Daigle Oil Co. announced in 2015 that the company is now in the hands of its employees after forming an employee stock ownership plan, or ESOP. “I’m happy with this because it’s a nice investment for the future,” Gail Levesque [right] customer service representative, said. Working in the front office with her are Sonya LeBouef, brand manager; and Evan Richards, dispatcher. Credit: Julia Bayly

Employee ownership of businesses is not well known nor often not well understood. However, at its core it is a simple concept: ownership of an enterprise by those most impacted and able to determine its success. Employee-owners understand that our collective success leads to our individual success and vice versa.

In an employee-owned company, the hard work of employees and financial rewards that come from that work accrue to the employees because they own the company. There isn’t any greater incentive, engagement and ownership in what you do than to be working for your own benefit.

Employee Stock Ownership Plans (ESOP) have been around for decades. They are enabled by federal law and regulated by the IRS and the U.S. Department of Labor. Fundamentally, an ESOP is a retirement plan that functions very much like a 401k. There are more than 6,500 ESOPs in the U.S. with more than 14 million participants.

While the retirement benefit and ability to build wealth through an ESOP is wonderful, the culture in an employee-owned company is the biggest benefit. From young to not so young, our experience is that employee-owners in ESOPs care and are enthused about the work they do and how their work is connected to the success of the company. Employee-owners understand that it is employees who make a company successful. Therefore, it is employees who should benefit from the outcomes of their efforts.

Our company, Sebago Technics, was founded in 1981 by Walter P. Stinson. Like many entrepreneurs, he began at his kitchen table, took risks and worked hard. Sebago gained a well-earned reputation, hired more people, and served hundreds then thousands of property owners, businesses, contractors, developers and communities. By the mid-1990s Sebago had grown into a multi-discipline engineering firm employing dozens of professionals.

Though more than 10 years from retirement, Stinson began to think about ownership succession. He explored the common options — sale to another firm (often out-of-state), or to one or two current employees or running the business until retirement then closing it. However, during his search he discovered the ESOP model.

He determined that an ESOP was the best choice for one compelling reason — the company’s success was due to its employees and it was they who should reap the benefits going forward. In 1998, Sebago became one of a few ESOPs in Maine. Today, more than 20 years later, Sebago Technics stands as one of Maine’s largest engineering firms with tenured employees who are proud owners of not only the company, but also significant ESOP retirement accounts.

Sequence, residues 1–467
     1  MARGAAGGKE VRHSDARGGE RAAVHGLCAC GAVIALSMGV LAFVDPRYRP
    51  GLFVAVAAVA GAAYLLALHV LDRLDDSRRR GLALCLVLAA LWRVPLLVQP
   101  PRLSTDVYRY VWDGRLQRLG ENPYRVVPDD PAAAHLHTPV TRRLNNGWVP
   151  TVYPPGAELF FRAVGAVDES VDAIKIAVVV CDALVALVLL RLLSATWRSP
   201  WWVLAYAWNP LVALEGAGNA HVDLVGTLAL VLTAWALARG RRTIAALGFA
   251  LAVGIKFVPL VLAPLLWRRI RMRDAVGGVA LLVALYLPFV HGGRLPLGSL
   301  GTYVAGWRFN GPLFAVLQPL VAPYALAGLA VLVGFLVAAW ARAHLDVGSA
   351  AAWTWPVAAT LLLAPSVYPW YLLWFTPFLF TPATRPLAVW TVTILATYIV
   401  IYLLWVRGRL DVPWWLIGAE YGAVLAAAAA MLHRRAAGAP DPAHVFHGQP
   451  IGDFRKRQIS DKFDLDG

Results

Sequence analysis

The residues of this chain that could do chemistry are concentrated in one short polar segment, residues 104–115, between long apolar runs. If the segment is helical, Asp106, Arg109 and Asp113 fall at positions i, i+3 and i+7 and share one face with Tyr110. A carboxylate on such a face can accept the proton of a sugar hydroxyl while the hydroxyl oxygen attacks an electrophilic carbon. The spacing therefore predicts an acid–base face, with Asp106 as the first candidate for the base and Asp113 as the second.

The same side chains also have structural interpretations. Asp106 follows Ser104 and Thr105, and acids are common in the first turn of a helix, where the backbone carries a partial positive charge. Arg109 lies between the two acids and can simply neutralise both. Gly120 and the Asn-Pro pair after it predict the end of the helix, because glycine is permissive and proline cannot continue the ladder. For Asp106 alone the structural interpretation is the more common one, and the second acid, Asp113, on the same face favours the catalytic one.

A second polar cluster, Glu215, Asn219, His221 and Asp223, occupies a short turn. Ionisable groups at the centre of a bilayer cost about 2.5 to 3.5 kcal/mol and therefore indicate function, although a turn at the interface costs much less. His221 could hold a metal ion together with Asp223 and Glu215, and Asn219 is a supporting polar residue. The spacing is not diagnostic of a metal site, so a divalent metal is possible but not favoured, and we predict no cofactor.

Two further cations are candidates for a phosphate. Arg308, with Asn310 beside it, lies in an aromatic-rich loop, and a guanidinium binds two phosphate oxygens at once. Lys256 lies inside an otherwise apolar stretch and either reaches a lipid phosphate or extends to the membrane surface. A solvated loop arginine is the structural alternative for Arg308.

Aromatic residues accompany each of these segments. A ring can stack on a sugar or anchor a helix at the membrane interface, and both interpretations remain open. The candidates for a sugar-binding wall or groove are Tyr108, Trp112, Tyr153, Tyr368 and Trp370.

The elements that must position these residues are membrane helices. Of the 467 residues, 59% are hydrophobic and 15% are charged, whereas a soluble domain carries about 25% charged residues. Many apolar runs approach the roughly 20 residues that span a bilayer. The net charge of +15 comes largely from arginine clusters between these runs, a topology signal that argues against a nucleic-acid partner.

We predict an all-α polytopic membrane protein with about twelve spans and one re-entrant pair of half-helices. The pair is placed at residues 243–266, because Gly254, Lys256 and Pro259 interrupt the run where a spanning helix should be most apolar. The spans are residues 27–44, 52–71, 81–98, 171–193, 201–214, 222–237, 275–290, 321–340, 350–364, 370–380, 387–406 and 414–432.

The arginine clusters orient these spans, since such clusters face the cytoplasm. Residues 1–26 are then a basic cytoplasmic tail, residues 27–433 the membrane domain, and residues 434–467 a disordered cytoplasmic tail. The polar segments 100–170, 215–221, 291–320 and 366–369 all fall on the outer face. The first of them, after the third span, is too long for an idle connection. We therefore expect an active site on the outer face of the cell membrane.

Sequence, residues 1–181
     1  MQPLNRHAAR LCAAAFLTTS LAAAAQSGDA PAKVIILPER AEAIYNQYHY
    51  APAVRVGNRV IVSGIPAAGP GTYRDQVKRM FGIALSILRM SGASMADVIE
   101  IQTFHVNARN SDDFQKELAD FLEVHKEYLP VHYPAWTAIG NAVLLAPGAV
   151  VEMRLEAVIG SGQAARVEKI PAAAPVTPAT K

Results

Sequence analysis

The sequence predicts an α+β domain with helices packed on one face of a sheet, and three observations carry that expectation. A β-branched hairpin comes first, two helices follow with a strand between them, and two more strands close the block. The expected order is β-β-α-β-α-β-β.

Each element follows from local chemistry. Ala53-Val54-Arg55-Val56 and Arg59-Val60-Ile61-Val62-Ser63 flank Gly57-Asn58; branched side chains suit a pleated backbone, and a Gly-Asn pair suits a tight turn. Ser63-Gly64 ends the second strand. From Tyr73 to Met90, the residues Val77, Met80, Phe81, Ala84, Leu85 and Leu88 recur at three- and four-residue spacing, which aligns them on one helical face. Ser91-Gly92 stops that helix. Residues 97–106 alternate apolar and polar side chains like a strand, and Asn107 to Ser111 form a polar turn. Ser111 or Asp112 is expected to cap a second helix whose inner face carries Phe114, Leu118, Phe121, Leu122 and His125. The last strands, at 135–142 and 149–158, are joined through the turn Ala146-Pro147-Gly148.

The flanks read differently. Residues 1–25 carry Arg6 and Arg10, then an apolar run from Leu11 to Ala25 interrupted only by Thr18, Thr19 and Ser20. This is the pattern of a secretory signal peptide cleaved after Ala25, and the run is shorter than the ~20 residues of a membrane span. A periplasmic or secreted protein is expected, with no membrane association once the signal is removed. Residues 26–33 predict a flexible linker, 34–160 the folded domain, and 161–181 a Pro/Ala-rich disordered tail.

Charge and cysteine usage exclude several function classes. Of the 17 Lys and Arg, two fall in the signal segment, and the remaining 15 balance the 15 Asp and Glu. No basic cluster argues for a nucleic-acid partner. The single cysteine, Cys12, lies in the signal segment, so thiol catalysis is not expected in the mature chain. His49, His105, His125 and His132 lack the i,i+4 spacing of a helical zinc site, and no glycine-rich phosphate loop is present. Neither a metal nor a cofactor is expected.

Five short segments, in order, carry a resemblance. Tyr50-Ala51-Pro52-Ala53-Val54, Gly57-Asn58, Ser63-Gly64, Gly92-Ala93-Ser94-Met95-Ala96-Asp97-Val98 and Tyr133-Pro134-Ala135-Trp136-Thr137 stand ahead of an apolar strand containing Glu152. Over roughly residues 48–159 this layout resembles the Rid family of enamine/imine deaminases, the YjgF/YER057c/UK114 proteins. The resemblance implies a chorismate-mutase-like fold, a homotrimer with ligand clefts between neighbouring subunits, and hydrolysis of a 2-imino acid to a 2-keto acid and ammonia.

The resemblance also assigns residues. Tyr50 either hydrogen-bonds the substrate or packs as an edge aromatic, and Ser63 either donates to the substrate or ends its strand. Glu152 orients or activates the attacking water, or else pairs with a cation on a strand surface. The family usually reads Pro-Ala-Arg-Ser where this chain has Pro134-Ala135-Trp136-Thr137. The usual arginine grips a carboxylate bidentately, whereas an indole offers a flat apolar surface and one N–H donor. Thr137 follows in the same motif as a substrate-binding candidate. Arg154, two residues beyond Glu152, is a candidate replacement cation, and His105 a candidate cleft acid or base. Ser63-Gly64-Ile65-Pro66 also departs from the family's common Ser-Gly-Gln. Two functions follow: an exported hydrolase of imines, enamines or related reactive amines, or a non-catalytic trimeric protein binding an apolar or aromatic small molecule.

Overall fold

ESOPs in Maine are on the rise with the number of ESOPs in Maine estimated to have grown from 15 to more than 40. Employee-owned companies now represent every corner of the state and span every industry from construction to engineering, financial services to agriculture and manufacturing to technology. Maine ESOP companies represent some of our best-known brands and recognizable businesses — Cianbro, Sargent, LandryFrench, Daigle Oil, Johnny’s Seeds, Revision Energy, Clark Insurance, Portland Air Freight, Dennis Paper, Howell Labs, Moody’s Collision, Lanco and dozens more.

LD 1520 — An Act to Create and Sustain Jobs through Development of Employee-Owned Businesses and Cooperatives — which is currently before the Legislature, is an opportunity to further grow employee ownership in Maine. If passed, it would support and incentivize the creation of new ESOPs and a forum to share ideas. Passage of LD 1520 would place Maine among the growing number of states where state centers for employee ownership have helped grow, inform and sustain employee ownership.

Passage of LD 1520 will recognize, at the highest levels, that local ownership and control is vital to our economic future. It will acknowledge that employees should benefit from their work with more than just a paycheck. In these ways it would harken back to the beginnings of business in Maine where most people were self-employed, where success and destiny was in proportion to their contributions.

Mark Adams is president/CEO of Sebago Technics, a 100 percent employee-owned engineering consulting company located in South Portland.